Buses Glossary

Here you can find a list of terms useful when looking for a bus for sale. You can learn about the various key components that define a bus and what to ask about when you want additional information on buses for sale.

Bus Terminology

Bus Body

The body of a bus refers to the exterior shell. It typically does not contribute to load support or function, it is simply the 'jacket' of the bus. Examples of bus bodies include turtle top, champion, and krystal.

Bus Chassis

A bus chassis basically includes all parts of the bus and excludes only the bus body. When someone refers to the chassis of the bus, they are referring to the 'frame, wheels, and machinery' (dictionary.com) of a bus. Bus machinery would include the engine, transmission, suspension, differential(s), driveshaft, etc. The key difference between the idea of the bus body and the idea of the bus chassis is that the chassis' job is to support the bus body and move the bus. The bus body, then, is a sort of 'clothing' for the bus. Bus Chassis are distinguished by their manufacturer (eg. Ford, MCI, Van Hool in the case of buses), and they do not imply a particular engine type, transmission, etc. Oftentimes, someone will refer to the 'make' of a bus, which is just a word in common use meaning the 'chassis'.

Bus Model

The model of the bus is a reference to a particular design of a bus from a given manufacturer, and therefore the chassis. For example you'll always see a Ford E450 (where E450 is the model), Ford E350, Ford F550. You'll see Van Hool T2145 (T2145 being the model), but you WON'T see a Ford T2145 or a Van Hool F450.

Bus Brakes

Most bus brakes fall into one of two major design styles, disc brakes and drum brakes.
Disc Brakes : Basically a disc brake is a mechanism composed of brake pads and a disc. The disc is attached to the wheel and when the brakes are applied some force (be it hydraulic, air, or electro magnetic) puts the pads in contact with the disc, creating friction and slowing down the wheel. The benefit of disc brakes is that they are more resilient to wear. The heat caused by friction with brakes wears on these mechanisms regardless, and all brakes are susceptible to water reducing their effectiveness. However disc brakes recover from heat and water defects more quickly.
Drum Brakes : Drum brakes also use friction, but instead of a disc with pads that create friction on the outside, drums are a hollow ring that come into contact with the pads on the inner portion of the drum. The most significant feature of drum brakes is that due to their design, the very act of applying the brake strengthens the force of friction and therefore these brakes have more stopping power. However, this effect also makes it more difficult for the driver to manage the sensitivity of the braking force.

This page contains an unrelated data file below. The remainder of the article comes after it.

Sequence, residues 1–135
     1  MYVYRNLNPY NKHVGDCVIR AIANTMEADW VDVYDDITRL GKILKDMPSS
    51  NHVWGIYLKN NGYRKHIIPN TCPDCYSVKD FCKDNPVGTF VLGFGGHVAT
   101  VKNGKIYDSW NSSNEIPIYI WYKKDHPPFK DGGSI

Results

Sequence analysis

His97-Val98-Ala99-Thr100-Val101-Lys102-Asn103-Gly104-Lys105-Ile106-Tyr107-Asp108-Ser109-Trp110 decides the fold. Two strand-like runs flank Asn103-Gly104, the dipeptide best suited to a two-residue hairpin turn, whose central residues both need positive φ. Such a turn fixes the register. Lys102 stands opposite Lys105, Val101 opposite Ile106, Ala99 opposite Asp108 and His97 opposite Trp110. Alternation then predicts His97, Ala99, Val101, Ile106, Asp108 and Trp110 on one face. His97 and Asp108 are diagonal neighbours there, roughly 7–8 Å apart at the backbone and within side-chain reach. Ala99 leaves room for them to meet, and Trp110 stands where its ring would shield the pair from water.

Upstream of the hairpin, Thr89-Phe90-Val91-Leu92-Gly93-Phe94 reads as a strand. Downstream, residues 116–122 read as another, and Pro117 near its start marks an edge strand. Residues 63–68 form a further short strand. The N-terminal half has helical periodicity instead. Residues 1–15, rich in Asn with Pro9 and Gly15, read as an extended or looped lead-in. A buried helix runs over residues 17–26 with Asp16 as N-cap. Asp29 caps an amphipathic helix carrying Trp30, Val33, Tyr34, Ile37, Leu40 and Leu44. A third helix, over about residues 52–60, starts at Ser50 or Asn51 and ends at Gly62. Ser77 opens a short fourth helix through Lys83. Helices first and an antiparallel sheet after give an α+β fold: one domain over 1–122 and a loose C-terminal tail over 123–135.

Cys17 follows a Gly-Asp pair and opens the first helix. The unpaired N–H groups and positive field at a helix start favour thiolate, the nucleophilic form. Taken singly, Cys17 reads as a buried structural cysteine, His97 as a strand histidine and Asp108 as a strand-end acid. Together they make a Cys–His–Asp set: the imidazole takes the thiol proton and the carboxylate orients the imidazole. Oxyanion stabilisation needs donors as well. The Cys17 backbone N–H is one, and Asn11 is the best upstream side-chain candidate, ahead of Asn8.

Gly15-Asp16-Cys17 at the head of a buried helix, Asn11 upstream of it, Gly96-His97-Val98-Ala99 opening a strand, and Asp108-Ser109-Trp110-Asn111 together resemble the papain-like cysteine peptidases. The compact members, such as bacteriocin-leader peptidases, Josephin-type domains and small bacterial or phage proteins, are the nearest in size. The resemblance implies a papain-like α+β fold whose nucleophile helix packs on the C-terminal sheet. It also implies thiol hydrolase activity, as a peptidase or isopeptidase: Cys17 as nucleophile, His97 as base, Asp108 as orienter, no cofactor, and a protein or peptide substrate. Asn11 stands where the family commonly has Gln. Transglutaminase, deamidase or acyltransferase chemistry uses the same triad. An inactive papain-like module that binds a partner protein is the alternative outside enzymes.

Air Brakes : This term refers to how the force which puts the pads in contact with the discs/drums is applied, specifically compressed air. Air can be pulled from a tank or filtered from the atmosphere. When these brakes incorporate air tanks, be careful because the design allows for water and compressor oil to leak into to mechanisms which can cause brake failure.

Bus Engine

Diesel Engines for buses tend to be far more efficient than gas engines. They weigh more than gas engines, requiring more force to move the bus, but even so they can be roughly 20% more fuel efficient than a gas bus engine. Also, they are more fuel efficient than gas engines when idling, and the life of the engine is much greater. A diesel bus engine's life may be double that of a comparable gas bus engine. One disadvantage of diesel is that in cold weather there may be greater difficulty getting the bus started due to the physics of the engine. Generally, though, you're going to want a diesel bus engine in any large buses you are looking at, though minibuses can sometimes afford to be gas powered buses.

Bus Transmission

Two main types of transmissions exist for buses. Manual bus transmissions require manual shifting of gear ratios (often simply referred to as 'gears') and automatics do not. Manual buses tend to be more fuel efficient and allow the driver greater control, but automatic buses are simpler to operate. Indeed, the operation of a manual ubs transmission is a skill to be learned. The basic purpose of a bus transmission is to adjust gear ratios for greater or lesser torque. To accelerate a 3 ton bus from 0 mph to 10 mph requires much greater force than to accelerate the same bus from 40 mph to 50 mph, due to inertia. Therefore different torque outputs are more effective at different speeds, and a bus will need to shift gears in order to achieve these outputs. Hence, transmissioons are a key component of any automobile, be it bus, car, motorcycle, etc.

Bus G.V.W.R

Gross Vehicle Weight Ratio, or GVWR, is the total weight of a bus including the bus itself, passengers, fuel, and cargo. Buses over 3 tons have restricted access to certain roads, and buses with gvwr over 4.25 tons are typically not subject to state emissions tests.